T PIERCE BROWN
It is interesting to note some instances in the Bible where persons had some hidden agendas or charges they wanted to make, but were unable or ashamed to state the charge in a coherent and specific way. Let us look at two such cases and see what lessons we may get from them. In Acts 4:7, after the apostles had cured a man and were put in prison by the priests, captains of the temple and Saducees, they were brought out the next day and we find these words, “And when they had set them in the midst, they asked, By what power, or by what name, have ye done this?”
It seems apparent that they did not want to specify exactly what had been done, for if they had asked, “Why have you preached about the resurrection?” it would have sounded as ridiculous as it really was, for there is nothing about preaching the resurrection that was unlawful or improper. Also, if they had asked, “Why have you cured a lame man?” it would have sounded equally ridiculous, for almost everyone would agree that curing a lame man was a good thing to do. So they simply asked, “Why have you done this?”
It is interesting to note Peter’s response as recorded in Acts 4:9, 10, “If we this day be examined of the good deed done to the impotent man, by what means he is made whole; Be it known unto you all, and to all the people of Israel, that by the name of Jesus Christ of Nazareth, whom ye crucified, whom God raised from the dead, even by him doth this man stand here before you whole.” Without dwelling unduly on their hypocrisy and duplicity, he answered their question and stated the case so clearly that any honest, sincere person could see their problem. They had imprisoned and persecuted the Apostles for a good deed done to an impotent man! It is hard to imagine any civilized decent society that would act as if it were a crime to do a good deed to or cure an impotent man. Then, without mincing words, he preached Jesus and in four verses did more than most of do in an hour or more. They stood revealed in their wickedness and clearly condemned, but the core of his message was not condemnation, but good news. There was and is salvation in Christ. Our preaching should always be centered on Christ and him crucified and the results of it, not merely on the bad things in or out of the church.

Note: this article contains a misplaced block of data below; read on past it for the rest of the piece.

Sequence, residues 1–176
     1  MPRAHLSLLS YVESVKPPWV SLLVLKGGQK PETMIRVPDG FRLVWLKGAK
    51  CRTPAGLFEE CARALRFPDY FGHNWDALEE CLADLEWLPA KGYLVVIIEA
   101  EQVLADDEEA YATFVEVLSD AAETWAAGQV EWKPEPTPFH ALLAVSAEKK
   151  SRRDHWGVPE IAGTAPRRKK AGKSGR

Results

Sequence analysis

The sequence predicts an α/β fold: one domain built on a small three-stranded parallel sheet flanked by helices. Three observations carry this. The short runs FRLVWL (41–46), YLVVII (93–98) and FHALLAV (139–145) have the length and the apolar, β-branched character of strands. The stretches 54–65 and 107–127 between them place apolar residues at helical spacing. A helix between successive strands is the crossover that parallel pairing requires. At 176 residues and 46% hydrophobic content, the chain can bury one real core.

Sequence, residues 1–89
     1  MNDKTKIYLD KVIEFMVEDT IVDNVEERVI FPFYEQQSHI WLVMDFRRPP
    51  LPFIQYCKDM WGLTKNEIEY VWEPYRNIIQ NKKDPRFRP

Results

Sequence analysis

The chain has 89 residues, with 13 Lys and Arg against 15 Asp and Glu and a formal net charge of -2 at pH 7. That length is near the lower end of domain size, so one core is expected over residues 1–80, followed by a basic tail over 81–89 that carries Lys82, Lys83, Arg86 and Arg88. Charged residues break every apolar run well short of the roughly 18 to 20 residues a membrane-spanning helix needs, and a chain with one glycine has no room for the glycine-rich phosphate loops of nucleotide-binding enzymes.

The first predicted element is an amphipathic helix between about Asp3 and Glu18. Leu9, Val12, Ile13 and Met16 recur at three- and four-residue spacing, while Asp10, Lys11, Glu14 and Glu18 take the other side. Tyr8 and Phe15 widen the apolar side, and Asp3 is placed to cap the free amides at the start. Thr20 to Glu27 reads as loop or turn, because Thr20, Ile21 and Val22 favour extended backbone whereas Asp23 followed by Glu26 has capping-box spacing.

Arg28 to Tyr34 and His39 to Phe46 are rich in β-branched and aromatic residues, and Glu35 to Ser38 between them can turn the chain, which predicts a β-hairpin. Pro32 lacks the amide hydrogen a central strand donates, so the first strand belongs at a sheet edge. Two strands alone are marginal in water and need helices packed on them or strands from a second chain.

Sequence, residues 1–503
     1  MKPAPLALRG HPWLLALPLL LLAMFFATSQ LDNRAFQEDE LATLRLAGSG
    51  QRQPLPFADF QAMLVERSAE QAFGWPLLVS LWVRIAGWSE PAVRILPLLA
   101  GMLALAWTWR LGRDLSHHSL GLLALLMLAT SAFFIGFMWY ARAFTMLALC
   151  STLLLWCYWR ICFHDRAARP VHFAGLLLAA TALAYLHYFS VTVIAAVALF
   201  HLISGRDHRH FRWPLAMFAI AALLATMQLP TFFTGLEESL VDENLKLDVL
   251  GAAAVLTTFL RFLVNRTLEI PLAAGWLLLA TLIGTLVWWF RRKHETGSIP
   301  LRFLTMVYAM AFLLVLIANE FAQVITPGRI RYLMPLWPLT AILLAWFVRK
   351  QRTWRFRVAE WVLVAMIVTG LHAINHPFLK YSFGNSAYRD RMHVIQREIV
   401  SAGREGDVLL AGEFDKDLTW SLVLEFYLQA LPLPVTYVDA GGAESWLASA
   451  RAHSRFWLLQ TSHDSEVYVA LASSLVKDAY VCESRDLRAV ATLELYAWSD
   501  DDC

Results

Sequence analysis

In verse 14 there is another interesting fact that deserves another article or sermon to expound on it. “And beholding the man which was healed standing with them, they could say nothing against it.” When one sees the power of Jesus being demonstrated in our lives, it is very hard to find anything to say against it. But when one finds a man who is supposed to be healed who still cannot walk, one may have some question. When one sees a person who is supposed to be converted, but still acts like the old creature (Cf. 2 Cor.5:17), he may feel that he can find fault with something. Sadly enough, he usually finds fault with the gospel, rather than with the person who is not really converted. The fault most persons find with thechurchofChristis not because they see what happens when we allow the power of Jesus to change us, but because they fail to see the kind of changes that one should expect if one is following Jesus.